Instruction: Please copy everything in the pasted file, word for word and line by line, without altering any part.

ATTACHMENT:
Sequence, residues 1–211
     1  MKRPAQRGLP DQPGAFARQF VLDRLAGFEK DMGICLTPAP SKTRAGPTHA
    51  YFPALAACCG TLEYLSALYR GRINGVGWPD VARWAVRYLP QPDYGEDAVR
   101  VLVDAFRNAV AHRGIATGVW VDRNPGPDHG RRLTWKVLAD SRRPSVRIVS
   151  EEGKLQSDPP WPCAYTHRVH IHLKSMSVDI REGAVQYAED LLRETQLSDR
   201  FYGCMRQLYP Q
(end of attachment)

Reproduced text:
Sequence, residues 1–211
     1  MKRPAQRGLP DQPGAFARQF VLDRLAGFEK DMGICLTPAP SKTRAGPTHA
    51  YFPALAACCG TLEYLSALYR GRINGVGWPD VARWAVRYLP QPDYGEDAVR
   101  VLVDAFRNAV AHRGIATGVW VDRNPGPDHG RRLTWKVLAD SRRPSVRIVS
   151  EEGKLQSDPP WPCAYTHRVH IHLKSMSVDI REGAVQYAED LLRETQLSDR
   201  FYGCMRQLYP Q